Get to Domain Abstraction (Article 7)

Finally we are ready for the most important step in naming. This step is why all of evolutionary design really comes down to “name things well. Continuously.” It is time to correct the domain abstractions we are using and adjust the names.

We currently have a set of names used together. Each one expresses Intent individually. Responsibilities are factored into the right places (each Does the Right Thing). But taken together, the names are a mishmash of ideas. Each expresses itself and its context well, but they don’t create a shared context.

A domain abstraction is just a shared context for some set of code.

At this point, the insights we seek are Whole Values. We want to find generative domain patterns. Concepts that, once they are in place, make the missing code as obvious as the code that is already written.

We won’t necessarily write the missing code yet—we could be wrong about the domain abstraction we see—but we will leave the code in a state where it is obvious where and how to add this code if we need it.

The fundamental process we will do at this step is to find Primitive Obsession, have an insight about a missing Whole Value, and write it down. We will do this mostly mechanically as we want to be able to have insights in code where we don’t yet see the unifying concept.

Finding Primitive Obsession mechanically

We are looking for Primitive Obsession: anywhere that we are trying to describe actions in a high-level domain entirely using concepts in a low-level domain. For example, we might pass around a social security number as a String, rather than as a SocialSecurityNumber. Similarly, we might talk about Set<Cards>, rather than a PlayingCardDeck.

It is entirely possible to spot these based on your own intuition. Use that! However, Primitive Obsession also causes common antipatterns in code. You can look for those in order to learn to spot new kinds of Primitive Obsession.

Part 1: Look for sets of methods or classes that share some similarity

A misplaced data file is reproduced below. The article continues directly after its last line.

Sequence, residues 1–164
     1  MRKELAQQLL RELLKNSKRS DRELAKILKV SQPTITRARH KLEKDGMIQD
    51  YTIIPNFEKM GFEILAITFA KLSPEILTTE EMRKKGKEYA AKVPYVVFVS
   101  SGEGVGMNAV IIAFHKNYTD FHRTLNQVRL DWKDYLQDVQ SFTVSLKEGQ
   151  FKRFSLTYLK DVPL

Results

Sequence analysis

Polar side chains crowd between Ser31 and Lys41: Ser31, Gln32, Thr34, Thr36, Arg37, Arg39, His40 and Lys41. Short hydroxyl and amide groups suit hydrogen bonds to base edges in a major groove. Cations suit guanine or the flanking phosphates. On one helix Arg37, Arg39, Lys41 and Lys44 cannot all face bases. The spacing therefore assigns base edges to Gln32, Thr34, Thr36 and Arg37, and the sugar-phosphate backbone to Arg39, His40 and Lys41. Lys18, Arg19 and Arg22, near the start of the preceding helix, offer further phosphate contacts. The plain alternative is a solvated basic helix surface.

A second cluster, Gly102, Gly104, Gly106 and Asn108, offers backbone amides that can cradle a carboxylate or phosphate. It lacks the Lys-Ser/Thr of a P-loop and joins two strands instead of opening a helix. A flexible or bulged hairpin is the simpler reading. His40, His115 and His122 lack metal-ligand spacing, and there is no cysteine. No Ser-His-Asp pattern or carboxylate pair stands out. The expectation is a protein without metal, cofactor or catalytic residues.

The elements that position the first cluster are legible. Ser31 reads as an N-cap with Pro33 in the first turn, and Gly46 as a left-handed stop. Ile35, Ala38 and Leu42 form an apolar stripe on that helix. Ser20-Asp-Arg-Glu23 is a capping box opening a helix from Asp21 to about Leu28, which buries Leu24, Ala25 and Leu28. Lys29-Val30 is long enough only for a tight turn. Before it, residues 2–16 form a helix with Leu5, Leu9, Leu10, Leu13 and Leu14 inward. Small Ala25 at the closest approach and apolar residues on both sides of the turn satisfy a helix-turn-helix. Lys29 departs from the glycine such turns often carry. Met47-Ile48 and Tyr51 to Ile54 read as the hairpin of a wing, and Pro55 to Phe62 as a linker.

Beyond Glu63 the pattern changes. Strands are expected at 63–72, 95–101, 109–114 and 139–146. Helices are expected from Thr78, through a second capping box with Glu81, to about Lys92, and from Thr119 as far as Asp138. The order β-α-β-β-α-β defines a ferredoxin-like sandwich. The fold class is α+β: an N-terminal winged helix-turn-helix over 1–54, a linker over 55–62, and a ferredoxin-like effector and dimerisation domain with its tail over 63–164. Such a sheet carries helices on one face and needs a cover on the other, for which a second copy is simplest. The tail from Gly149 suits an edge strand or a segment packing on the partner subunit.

Here are some of the common patterns I look for. Each identifies some primitive that I am obsessing over.

In sets of classes:

  • Tight interdependencies with few connections outside the set.
  • Several methods in one class that use public getters from another.
  • Classes with similar names:
    • Thing / ThingIsValid,
    • Repeated prefixes or suffixes: -Transform, -Traversal, Tree-, Tail-.
  • Classes with CSy or grab-bag names:
    • -Manager,
    • -Transform.
  • Names that end with -er, indicating an action rather than a result / object.
  • Feature envy: obsessing over the methods and properties of another object and calling it all the time.

In sets of methods:

  • Sets of methods that take the same set of parameters.
  • Sets of methods that each use the same subset of an object’s fields.
  • Methods with similar names:
    • begin / end / see progress / poll for data,
    • create / read / update / destroy,
    • source / sink / transform,
    • Names which contain near-synonyms.
  • Chunks of methods which obsess over some variable or small set of variables for several lines (many operations on the same data).
  • Methods which are often called together (especially common in error handling or creation logic).
  • Common phrases in the name without a matching noun in the system.

Fields & parameters:

  • Names that narrow what the thing is, because the variable’s type name cannot (firstName, lastName, SocialSecurityNumber—all on parameters of type String).
  • Names that narrow or interpret allowed values (rangeInMeters, hardwareModeFlags—both on fields of type int).

Each of these indicates that something is missing in your set of domain abstractions. Other code is coddling that missing abstraction.

Each of these also indicates code that is using an overly-general concept where something more explicit and single-purpose would do.

Part 2: Look for a primitive and the domain concept that would replace it

Every time we see one of the above, we know something is missing. Our goal is to figure out what is missing and create it. This comes in two steps. First we name the primitive, then we name the thing we should use instead.

We don’t need to rename the primitive in the code. We’re about to replace it. Instead we write it down on a notecard or whiteboard. State precisely which primitive we see and what obsessive behaviors we see the code doing over it.

Part 3: Write down by adding new Whole Value that matters

Now we want to write our insight down into code. We need to do the following:

  1. Break the specific concept out of the general concept.
  2. Examine each piece of coddling code.
  3. Break the part that is related to the new concept out of its context.
  4. Move the related part to the new concept.

The first 3 steps use refactorings that we already used in earlier phases. Break a concept up by moving from missing to nonsense, then climb the naming levels as desired.